So far, we were all having a great day, except for Soda….

She was not allowed outside to visit.  I’m sure she would have loved to and was thinking that she could persuade some of the visitors to throw her a ball.

 Some smaller people came over to visit the chickens as well along with their parents…..

My mother, Pastor Farmer, had fun showing these boys the chickens inside of the coop.  The boys were dying to collect some eggs and so she sent them each home with an egg.

The boys also spent a little time playing with my nephews…..

You know what?  There is just something so cute about a little boy in a cowboy hat and blue booties.

 Some of the neighbors were also interested in what was going on….

The chickens were a bit shy at times being the center of attention, choosing to hide behind the Texas Sage shrubs…..

I had a wonderful time on Saturday and after I left, I spent some time finishing decorating my house for Christmas.  Which leads me to the last item:

Have you finished decorating your house for Christmas?

The chickens have…..

I hope you all have a wonderful week and hopefully you have finished your decorating for the holidays 🙂

I imagine that many of you are busy this week with the upcoming Thanksgiving holiday.  My kids love that they only have to go to school for three days this week.  As I mentioned before, I am hosting Thanksgiving this year at our house for my in-laws and my brother and sister-in-law and their two new baby boys.

Do you know someone who loves to entertain?  Or maybe you are that someone?  As for me, I like the ‘idea’ of entertaining but not necessarily the work.  I tend to get a bit distracted as I plan out the details.  So, this post may appear a bit disjointed, which is how my brain works most of the time….so please bear with me 😉

Out in my garden, there are definite signs that winter will be here in just one month.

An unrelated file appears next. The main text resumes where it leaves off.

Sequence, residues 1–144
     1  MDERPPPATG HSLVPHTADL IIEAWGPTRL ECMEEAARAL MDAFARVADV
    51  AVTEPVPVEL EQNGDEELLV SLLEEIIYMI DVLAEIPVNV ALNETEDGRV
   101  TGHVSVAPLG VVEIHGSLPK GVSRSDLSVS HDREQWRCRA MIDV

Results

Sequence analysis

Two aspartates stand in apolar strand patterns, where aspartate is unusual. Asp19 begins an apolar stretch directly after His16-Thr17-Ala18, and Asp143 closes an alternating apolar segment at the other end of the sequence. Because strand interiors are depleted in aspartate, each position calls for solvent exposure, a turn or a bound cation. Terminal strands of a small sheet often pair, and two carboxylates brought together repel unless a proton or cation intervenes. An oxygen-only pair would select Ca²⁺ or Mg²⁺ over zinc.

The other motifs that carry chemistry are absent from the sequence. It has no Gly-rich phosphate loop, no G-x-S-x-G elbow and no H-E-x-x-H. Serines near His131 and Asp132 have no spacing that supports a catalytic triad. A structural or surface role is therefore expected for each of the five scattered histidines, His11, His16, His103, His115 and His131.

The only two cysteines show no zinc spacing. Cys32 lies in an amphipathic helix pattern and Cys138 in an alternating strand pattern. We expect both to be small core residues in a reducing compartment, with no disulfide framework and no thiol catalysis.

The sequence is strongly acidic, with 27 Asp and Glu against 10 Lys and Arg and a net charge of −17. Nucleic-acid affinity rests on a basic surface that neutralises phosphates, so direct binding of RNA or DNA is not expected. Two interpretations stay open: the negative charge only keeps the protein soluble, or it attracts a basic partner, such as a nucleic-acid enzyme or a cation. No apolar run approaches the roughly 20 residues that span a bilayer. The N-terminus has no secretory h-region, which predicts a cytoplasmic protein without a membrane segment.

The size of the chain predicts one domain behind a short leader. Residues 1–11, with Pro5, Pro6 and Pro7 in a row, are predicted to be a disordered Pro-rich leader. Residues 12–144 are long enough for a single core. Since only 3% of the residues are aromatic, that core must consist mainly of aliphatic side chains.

I always celebrate the first blooms of my Firecracker Penstemon (Penstemon eatonii), which will soon be a favorite destination for the hummingbirds.

If you don’t already have one of these in your garden….rush to your local nursery and GET one.  My Valentine shrub (Eremophila maculata ‘Valentine’) is one of most favorite plants.  Soon it will be covered in red, trumpet shaped flowers that will last through spring.

The yellow blossoms of my Cascalote tree look so beautiful against the blue sky, don’t you think?

Although I do try to include plants in my garden that will bloom through the fall and winter seasons, there is an area that is not particularly colorful…..

Not too impressive….is it?

This is what my Bermuda grass lawn looks like once night time temperatures dip into the 50’s.  Although it looks more brown then green, it is not dead – just dormant.  Once the spring temperatures arrive it will green up very quickly.

Now if you love green grass and your husband loves to have to mow the lawn 12 months out of the year (mine doesn’t), you can overseed your grass with perennial rye grass seed in early fall.  I have done this from time to time, but not for the past couple of years.

The other day as I was up our driveway, I saw that one of my plants had a surprise for me….

My Agave desmettiana is beginning to grow it’s flowering stalk.

It grows at an extremely fast rate and you can actually measure the growth daily.

You know, I have seen hundreds of flowering agave, but it never gets old.  It is particularly special when it occurs in your own garden.

A common myth is that agave flower after being in the ground 100 years, hence the name ‘Century Plant’.  However, and the length of time that it takes an agave to flower is largely dependent on the species.  Some take longer to flower and others do not.

For example, my Agave desmettiana, above is actually the offspring of my previous agave that flowered and then died.  My agave above is only 5 years old.

**You may notice agave that have had their flowering stalk cut off in hopes that this will keep the agave from dying.  This will not work and robs the landscape of months of beauty that the flowering stalk adds.

Before I go, there is an upcoming event in our area that I would love to tell you about.  It is called Tour de Coops and one of the stops on the tour will be Double S Farms!

For those of you who may be newer readers, Double S Farms is the residence of my mother (Pastor Farmer), my sister (Chicken Farmer) and her family.  

 My son Kai loves hanging out with the chickens.

You might have guessed that the tour involves chicken coops.  Actually it is “a self-guided tour of the coolest chicken set-ups” in the Phoenix metro area.

This year’s event occurs on December 4th and you can find more information and ticket information at Tour de Coops.

I plan on being at Double S Farms on that day to help and hopefully be able to meet some of you 🙂